Equally important is the fact that Mr. Juncker is well known in the financial markets for his fiscal conservatism and a moderating influence against regulatory overreach.

But being the leader of the parliament's largest voting bloc may not be enough for Mr. Juncker to get the job. Indeed, despite all the talk about the increasing functions of the parliament in European affairs, the final decision on this appointment will almost certainly be taken by the heads of state and government. To be more precise, I think the European Council will again rubber stamp the usual French-German backdoor fixing.

This brings us back to the first paragraph where I said that these elections will have no impact on euro area economic policies. These are firmly in the hands of national governments, and any adjustments at the euro area level are subject to political negotiations.

Investment thoughts

Elections to the European Parliament will give rise to extreme right and left political forces as people voice their disappointment with economic policies of mainstream parties. Governments in some countries – such as France and Italy – should take that very seriously because these are not new political forces.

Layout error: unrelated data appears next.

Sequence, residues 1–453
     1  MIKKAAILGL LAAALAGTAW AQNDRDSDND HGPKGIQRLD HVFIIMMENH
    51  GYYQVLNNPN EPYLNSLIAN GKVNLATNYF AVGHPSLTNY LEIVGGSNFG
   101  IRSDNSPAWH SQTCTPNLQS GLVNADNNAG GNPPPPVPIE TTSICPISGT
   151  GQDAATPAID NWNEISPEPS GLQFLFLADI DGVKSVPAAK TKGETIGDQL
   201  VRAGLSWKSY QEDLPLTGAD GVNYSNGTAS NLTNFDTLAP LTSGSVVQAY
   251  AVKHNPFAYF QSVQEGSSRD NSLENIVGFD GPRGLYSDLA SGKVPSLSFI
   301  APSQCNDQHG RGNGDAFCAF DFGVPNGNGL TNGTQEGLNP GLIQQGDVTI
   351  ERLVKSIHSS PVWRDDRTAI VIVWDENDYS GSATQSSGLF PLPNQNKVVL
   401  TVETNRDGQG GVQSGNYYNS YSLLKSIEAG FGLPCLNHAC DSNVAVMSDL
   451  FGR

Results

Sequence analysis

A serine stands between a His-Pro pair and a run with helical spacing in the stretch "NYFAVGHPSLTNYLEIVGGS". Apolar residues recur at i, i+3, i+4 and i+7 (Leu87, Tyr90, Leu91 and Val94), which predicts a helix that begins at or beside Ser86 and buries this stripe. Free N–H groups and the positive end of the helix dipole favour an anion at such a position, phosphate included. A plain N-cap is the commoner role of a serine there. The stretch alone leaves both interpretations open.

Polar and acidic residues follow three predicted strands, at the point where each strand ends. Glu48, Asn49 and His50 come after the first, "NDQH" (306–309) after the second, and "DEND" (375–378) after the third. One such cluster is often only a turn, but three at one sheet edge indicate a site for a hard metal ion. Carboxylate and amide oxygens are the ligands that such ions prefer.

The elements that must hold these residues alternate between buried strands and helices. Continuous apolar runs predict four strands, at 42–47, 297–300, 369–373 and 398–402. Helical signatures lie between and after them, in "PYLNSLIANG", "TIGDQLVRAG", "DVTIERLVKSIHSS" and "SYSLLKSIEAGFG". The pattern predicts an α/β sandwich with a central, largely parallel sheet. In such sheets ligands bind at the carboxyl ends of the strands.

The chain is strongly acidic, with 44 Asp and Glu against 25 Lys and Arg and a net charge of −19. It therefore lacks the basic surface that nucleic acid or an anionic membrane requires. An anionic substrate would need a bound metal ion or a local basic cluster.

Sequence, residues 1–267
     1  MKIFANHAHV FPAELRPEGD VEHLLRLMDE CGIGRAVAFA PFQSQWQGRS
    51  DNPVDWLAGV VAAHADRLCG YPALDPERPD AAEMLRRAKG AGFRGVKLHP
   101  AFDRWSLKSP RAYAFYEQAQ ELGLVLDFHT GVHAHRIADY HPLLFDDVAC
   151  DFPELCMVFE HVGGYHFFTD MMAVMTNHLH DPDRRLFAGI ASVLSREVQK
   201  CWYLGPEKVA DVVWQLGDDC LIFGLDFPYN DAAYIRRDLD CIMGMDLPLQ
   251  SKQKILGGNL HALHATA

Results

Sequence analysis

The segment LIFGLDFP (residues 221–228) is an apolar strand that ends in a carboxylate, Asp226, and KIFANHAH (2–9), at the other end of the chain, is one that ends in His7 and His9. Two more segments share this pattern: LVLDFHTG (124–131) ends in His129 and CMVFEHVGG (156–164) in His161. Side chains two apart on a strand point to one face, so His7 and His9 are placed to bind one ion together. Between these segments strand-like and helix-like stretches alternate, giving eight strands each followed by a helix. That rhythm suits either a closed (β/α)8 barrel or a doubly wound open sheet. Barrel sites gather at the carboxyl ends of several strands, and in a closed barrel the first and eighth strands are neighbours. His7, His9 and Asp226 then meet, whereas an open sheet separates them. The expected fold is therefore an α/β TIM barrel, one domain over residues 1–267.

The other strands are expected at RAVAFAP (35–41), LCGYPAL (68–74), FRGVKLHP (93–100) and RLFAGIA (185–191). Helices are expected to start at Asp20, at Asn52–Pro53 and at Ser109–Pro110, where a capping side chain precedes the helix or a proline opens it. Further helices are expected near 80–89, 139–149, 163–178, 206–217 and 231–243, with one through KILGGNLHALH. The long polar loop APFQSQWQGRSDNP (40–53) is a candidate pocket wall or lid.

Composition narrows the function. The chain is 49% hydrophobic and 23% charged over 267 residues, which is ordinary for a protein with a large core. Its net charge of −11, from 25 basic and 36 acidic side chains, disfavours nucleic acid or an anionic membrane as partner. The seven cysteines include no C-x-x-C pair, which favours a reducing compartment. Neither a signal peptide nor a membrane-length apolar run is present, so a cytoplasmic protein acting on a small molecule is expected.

The election outcome will have no effect on euro area's current growth dynamics. Its slow recovery remains on course.

The ECB is expected to do "something" late next week, but I don't see what they can do other than a symbolic gesture of some sort to show the markets that they want to be cooperative. In fact, nothing of any substance can be done because the ECB can't force the unwilling banks to lend from an already existing huge pool of cheap euro liquidity.

Under these circumstances, copying the Federal Reserve's asset purchases to "please" the markets would be an obvious mistake.

Michael Ivanovitch is president of MSI Global, a New York-based economic research company. He also served as a senior economist at the OECD in Paris, international economist at the Federal Reserve Bank of New York and taught economics at Columbia.

Follow the author on Twitter @msiglobal9